By Don Donovan
Farmers today say new “racehorse” corn hybrids make use of available nitrogen in the soil much later than some older hybrids. Studies show that nitrogen uptake may occur until shortly before black layer, when corn reaches its full maturity.
What does this mean for the farmer? It probably means you need to consider how you put on nitrogen, when you put it on, and maybe even what form of N you use. A careful review of your nitrogen program for corn will improve nutrient use efficiency of the applied nitrogen.
What does this mean for you as you manage your N application? How can you tell if you have enough N?
Get out in the field and check your corn as it matures. You may need to pull some tissue samples. A drone flying over the field can tell you some things about how healthy your corn is and whether it’s lacking in available nitrogen.
Late need for nitrogen may mean you should consider applying part of your N after plant emergence. This is especially true if you’ve been putting on most N in the fall or early spring preplant. Depending on weather and soil conditions, a large portion of nitrogen applied early can be lost to volatilization or leaching below the root zone.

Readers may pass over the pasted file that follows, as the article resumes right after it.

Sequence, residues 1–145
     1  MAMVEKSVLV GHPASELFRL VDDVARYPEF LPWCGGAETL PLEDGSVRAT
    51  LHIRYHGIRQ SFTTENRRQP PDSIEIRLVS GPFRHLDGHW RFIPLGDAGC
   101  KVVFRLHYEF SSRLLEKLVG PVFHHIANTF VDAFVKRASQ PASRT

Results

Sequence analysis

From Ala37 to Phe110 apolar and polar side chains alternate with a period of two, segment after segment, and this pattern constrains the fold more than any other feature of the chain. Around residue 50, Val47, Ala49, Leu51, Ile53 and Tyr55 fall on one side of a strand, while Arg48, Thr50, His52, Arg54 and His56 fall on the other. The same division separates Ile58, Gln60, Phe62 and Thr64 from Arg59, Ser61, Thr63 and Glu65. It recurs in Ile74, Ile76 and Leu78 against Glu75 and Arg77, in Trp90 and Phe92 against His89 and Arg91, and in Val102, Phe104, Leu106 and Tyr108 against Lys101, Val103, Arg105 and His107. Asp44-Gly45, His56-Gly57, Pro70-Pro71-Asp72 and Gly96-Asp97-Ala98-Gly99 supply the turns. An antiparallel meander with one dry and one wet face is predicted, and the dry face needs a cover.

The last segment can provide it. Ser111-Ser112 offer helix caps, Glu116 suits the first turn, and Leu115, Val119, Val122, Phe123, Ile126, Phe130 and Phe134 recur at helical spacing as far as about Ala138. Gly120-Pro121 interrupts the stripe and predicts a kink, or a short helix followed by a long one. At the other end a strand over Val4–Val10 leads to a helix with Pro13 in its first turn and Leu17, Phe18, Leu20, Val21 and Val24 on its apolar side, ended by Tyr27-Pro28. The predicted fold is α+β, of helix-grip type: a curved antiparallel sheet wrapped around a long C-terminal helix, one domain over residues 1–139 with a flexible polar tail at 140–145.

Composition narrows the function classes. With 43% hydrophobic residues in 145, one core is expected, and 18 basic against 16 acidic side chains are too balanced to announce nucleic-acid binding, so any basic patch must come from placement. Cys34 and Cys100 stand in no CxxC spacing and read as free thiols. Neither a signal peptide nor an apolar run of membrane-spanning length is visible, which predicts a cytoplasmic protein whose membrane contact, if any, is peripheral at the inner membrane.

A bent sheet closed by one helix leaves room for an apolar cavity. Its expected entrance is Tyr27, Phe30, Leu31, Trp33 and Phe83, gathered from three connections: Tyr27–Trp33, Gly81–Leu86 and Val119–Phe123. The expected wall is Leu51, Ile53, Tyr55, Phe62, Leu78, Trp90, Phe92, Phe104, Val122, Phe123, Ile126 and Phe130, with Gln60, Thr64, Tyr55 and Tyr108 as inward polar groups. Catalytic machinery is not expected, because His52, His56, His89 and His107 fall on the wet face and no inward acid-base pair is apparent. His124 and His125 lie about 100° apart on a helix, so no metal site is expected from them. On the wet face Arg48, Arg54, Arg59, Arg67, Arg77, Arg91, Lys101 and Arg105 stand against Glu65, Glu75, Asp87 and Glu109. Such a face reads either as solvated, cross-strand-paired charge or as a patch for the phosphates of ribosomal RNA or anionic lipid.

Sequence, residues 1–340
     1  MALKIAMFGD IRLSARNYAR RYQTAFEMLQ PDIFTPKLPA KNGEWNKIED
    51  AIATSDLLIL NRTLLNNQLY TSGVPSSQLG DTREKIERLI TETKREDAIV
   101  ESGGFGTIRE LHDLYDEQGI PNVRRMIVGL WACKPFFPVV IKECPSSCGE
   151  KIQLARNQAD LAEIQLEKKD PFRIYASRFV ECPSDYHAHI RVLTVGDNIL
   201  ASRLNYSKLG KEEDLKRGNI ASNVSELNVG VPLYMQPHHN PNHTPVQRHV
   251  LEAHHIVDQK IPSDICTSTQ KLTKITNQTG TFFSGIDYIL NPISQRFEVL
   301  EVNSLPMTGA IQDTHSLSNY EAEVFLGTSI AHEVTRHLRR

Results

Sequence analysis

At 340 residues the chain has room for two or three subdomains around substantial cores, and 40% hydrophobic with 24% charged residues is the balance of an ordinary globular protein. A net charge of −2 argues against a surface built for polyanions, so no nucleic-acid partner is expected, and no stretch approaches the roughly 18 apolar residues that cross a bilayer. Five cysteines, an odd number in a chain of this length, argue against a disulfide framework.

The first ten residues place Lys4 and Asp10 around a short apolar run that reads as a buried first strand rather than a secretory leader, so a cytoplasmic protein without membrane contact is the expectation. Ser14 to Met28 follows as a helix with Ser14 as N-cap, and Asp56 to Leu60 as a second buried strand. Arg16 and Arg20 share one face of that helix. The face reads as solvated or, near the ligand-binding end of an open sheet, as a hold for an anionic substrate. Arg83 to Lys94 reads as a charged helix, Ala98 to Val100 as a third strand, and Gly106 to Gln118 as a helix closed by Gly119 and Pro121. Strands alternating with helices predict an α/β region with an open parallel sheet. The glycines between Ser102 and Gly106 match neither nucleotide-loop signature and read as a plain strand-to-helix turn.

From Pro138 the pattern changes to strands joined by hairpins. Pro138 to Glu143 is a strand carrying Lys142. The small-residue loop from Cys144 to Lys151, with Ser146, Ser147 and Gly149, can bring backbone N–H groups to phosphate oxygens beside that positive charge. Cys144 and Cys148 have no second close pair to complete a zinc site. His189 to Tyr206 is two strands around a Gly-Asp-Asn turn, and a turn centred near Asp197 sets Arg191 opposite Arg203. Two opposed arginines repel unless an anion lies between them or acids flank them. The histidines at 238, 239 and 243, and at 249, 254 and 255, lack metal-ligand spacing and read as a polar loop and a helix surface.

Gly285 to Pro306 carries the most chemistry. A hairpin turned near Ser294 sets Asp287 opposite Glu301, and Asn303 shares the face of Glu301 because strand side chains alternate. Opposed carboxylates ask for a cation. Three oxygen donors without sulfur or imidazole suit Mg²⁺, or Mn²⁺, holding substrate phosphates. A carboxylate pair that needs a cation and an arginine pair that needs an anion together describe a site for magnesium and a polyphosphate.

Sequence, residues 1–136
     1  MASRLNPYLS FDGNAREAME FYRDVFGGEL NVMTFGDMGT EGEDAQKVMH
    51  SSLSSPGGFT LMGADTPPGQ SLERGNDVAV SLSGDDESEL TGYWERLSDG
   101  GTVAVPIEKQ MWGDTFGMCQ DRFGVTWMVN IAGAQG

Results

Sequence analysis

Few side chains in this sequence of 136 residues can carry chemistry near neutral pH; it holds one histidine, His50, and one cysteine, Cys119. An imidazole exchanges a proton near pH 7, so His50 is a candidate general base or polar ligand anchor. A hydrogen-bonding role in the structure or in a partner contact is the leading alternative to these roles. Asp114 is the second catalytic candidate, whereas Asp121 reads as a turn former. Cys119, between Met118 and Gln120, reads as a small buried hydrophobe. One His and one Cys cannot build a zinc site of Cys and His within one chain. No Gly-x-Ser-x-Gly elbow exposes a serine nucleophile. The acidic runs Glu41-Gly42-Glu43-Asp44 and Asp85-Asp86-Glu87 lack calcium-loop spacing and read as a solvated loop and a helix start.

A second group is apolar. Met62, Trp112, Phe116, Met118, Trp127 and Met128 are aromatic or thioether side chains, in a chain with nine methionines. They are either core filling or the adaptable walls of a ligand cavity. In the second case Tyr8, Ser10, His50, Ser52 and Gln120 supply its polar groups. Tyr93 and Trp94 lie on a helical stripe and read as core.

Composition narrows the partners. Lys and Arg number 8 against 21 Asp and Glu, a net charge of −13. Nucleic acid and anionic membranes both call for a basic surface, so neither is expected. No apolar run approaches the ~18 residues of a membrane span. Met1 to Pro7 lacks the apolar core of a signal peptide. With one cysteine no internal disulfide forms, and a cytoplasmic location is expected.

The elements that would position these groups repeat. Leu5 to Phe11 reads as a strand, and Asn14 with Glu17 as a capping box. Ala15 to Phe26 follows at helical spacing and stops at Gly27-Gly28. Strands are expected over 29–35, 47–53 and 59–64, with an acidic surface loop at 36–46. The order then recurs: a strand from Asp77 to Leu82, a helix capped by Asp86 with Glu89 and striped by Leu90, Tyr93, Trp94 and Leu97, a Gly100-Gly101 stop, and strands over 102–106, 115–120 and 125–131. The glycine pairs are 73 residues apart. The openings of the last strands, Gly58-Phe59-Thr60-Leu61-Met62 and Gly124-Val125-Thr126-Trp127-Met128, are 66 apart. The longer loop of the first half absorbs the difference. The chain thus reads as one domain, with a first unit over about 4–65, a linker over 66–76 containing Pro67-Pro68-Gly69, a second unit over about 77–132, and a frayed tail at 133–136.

By splitting applications, you can make more effective use of the nitrogen. You can improve potential yield without applying more N than you have in the past.
Nitrogen application methods
Some Indiana farmers are finding that a very late application of nitrogen right before tasseling, using a high-clearance sprayer with either a coulter unit that injects N or Y-Drop applicators, has provided a yield boost. (Editor’s note: Not every study finds this yield increase every year.)
If you use cover crops or would like to add cover crops, nitrogen management is one of the benefits of their use. Legumes produce N. Other cover crops scavenge available N in the soil and make it available later in the growing season. A challenge is knowing how much of this N is available to the cash crop, and when it is available. Some planning in using cover crops in your system can help provide late-season nitrogen for your corn crop to use.
Effective scouting of corn for any signs of nitrogen deficiency will help you make your decision. With profit margins as tight as they are now, you can’t leave any yield on the table due to corn running out of nitrogen. At the same time, you can’t afford to apply N that will not be available when the crop needs it.
Look at your nitrogen application program. Can you change your system to one where nitrogen is put on in multiple applications, closer to the time corn needs it? Increasing nitrogen management can help improve profit margins while also potentially improving water quality through less loss of N into water supplies.
Donovan is a district conservationist for the Natural Resources Conservation Service. He writes on behalf of the Indiana Conservation Partnership.